The short answer is: I can’t tell you. But since that advice doesn’t help very much, I’ll aim here to provide some suggestions and resources that might aid in considering this question.
Instead of concentrating on what career stage might be best as an academic to have a child, it may be better to consider what life stage is best. This is because becoming a parent clearly impacts – and is impacted by – so many factors outside of work: health, fertility, partner, other relationships, social support, access to childcare, plans for more children, housing and financial situation, etc.
When it comes to the work side of things, there are a number of potential implications for academic life of childbearing and rearing that start from early during pregnancy. For example:
Image by Yakir from Pixabay
Last month this blog featured the first of a series of posts in which colleagues shared the career pathways they took post-PhD, highlighting some of the pros and cons of staying in the same institutions versus moving further afield. This month I’m delighted to feature Part 2, in which three more colleagues generously share their stories. So far we’ve focused on the experiences of those staying in academia, but I’d love to consider this issue with those who’ve left the sector – see ‘Act Now’ at the end of this post for more.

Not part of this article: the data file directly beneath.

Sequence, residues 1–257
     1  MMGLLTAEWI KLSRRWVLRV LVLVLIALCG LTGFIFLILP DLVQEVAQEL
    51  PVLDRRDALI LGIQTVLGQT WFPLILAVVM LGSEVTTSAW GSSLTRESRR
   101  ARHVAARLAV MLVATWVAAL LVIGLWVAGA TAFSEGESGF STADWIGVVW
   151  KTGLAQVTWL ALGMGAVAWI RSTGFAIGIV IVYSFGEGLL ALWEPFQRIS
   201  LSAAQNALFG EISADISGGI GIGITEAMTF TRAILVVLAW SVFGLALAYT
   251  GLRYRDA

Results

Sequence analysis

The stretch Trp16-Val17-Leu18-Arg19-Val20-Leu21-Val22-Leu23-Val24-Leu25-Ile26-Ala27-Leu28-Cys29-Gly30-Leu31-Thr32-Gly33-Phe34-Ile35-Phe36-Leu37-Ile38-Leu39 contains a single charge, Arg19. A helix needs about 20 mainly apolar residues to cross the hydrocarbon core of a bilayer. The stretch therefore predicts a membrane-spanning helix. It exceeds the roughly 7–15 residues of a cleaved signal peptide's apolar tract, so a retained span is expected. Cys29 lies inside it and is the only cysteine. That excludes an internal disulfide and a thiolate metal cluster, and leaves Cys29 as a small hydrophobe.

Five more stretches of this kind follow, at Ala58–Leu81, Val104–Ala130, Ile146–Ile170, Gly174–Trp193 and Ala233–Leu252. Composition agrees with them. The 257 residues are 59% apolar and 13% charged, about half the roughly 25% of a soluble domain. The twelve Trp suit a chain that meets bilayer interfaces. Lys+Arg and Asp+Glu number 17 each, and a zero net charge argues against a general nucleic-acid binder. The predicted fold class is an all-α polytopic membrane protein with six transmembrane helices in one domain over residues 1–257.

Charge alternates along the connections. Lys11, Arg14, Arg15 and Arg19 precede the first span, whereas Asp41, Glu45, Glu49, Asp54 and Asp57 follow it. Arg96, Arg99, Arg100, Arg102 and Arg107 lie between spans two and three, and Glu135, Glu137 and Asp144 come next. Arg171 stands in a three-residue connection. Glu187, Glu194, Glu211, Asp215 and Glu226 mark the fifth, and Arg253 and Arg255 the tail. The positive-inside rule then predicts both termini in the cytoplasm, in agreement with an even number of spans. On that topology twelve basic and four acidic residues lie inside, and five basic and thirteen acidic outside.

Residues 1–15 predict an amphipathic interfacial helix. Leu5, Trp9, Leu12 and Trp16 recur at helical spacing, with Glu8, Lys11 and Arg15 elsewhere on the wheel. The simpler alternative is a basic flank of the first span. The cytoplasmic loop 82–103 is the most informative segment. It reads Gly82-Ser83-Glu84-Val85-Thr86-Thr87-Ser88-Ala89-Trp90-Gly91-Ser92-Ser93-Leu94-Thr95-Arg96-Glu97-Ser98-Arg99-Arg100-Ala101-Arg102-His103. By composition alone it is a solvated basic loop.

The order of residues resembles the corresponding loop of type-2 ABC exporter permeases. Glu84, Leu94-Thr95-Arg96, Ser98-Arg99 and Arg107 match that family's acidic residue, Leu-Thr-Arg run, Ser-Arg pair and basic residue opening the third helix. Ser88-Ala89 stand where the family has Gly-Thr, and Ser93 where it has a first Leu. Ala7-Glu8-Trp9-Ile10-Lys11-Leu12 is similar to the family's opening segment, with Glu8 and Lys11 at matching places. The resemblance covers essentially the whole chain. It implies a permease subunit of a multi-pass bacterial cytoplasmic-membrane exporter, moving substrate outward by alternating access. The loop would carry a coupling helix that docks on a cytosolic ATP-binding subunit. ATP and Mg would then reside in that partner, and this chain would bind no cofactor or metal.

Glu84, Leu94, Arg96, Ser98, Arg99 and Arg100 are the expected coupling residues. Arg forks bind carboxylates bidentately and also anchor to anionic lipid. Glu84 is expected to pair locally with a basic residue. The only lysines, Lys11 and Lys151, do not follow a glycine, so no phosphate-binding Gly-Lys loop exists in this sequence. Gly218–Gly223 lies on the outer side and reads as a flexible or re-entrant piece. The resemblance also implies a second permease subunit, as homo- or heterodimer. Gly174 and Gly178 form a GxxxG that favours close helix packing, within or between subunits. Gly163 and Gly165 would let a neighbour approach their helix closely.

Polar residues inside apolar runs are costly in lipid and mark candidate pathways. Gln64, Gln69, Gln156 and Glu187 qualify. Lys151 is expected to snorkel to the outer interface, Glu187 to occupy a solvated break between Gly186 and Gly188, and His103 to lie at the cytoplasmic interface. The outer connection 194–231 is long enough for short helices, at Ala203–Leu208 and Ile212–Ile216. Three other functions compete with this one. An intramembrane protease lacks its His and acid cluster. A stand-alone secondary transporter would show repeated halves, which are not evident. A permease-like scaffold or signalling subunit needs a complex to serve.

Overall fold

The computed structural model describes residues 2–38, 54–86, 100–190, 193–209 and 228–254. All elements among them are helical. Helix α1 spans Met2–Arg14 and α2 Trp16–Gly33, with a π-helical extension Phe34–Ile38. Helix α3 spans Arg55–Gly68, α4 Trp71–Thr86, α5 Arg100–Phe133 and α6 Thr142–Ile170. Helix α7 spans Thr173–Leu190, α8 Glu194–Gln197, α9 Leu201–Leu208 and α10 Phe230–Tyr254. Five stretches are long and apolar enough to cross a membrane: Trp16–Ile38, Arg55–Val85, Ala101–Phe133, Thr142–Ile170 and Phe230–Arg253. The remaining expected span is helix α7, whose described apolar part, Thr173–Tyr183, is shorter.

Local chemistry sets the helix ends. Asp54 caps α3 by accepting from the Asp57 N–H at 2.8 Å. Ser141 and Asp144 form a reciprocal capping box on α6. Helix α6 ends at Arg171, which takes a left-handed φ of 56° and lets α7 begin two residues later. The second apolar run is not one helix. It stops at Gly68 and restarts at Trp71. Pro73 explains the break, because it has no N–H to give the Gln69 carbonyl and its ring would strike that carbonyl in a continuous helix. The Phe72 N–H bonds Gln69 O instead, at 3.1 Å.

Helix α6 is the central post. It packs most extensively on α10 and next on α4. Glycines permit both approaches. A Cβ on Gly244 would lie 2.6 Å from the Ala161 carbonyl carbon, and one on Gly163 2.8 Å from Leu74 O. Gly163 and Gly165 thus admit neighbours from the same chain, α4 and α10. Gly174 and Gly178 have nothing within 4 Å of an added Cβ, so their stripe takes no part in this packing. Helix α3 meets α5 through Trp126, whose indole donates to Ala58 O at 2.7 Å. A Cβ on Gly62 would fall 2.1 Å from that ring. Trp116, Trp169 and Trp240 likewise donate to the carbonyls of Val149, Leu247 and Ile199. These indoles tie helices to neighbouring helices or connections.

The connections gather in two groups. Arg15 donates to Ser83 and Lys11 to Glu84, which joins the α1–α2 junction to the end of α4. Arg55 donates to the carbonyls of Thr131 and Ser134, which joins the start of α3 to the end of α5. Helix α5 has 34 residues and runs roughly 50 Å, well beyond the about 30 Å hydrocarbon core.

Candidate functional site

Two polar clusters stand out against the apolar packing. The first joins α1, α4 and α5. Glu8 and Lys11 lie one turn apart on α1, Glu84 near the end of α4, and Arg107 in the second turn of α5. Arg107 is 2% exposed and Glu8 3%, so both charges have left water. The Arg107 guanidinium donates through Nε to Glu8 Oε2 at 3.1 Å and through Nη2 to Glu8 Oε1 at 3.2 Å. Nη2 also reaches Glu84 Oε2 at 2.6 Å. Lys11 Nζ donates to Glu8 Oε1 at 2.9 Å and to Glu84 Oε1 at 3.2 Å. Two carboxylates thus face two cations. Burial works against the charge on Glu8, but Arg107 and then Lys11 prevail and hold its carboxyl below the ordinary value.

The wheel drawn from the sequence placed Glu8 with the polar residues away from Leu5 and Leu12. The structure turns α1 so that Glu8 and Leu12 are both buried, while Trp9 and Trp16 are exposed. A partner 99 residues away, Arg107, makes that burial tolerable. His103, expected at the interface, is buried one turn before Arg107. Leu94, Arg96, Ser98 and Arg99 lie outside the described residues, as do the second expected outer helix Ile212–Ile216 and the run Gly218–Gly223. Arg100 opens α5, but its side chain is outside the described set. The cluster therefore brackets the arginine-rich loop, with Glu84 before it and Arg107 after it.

The early career researcher’s path is punctuated by cross-roads. One of the first and biggest of these can be: what do I do when I finish my PhD? For some PhD graduates, there may be career opportunities available within their institution; for others, the next career step involves looking further afield. What are the pros and cons of these alternatives – should you stay or go? I posed this question to six fabulous early-mid career researcher colleagues with a range of experiences of both staying put and moving on within the academic field (stay tuned for broader options in a future post). For many of us, including some of these colleagues, there was little choice – so it’s heartening to know that both options have their advantages. I’m delighted to share the generous responses of my colleagues here, and the remainder in next month’s post. Special thanks to Dr Jane Willcox for inspiring this blog topic idea!